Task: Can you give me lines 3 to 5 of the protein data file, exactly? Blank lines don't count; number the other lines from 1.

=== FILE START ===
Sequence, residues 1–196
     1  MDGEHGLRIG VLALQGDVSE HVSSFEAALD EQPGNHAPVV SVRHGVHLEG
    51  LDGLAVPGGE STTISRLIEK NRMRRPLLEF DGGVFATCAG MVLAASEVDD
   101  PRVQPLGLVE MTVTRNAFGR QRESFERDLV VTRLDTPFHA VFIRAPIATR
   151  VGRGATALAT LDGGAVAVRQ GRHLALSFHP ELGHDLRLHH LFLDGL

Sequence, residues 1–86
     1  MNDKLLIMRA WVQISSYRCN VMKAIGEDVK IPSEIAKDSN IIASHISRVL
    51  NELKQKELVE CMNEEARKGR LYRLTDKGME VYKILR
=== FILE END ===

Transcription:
    51  LDGLAVPGGE STTISRLIEK NRMRRPLLEF DGGVFATCAG MVLAASEVDD
   101  PRVQPLGLVE MTVTRNAFGR QRESFERDLV VTRLDTPFHA VFIRAPIATR
   151  VGRGATALAT LDGGAVAVRQ GRHLALSFHP ELGHDLRLHH LFLDGL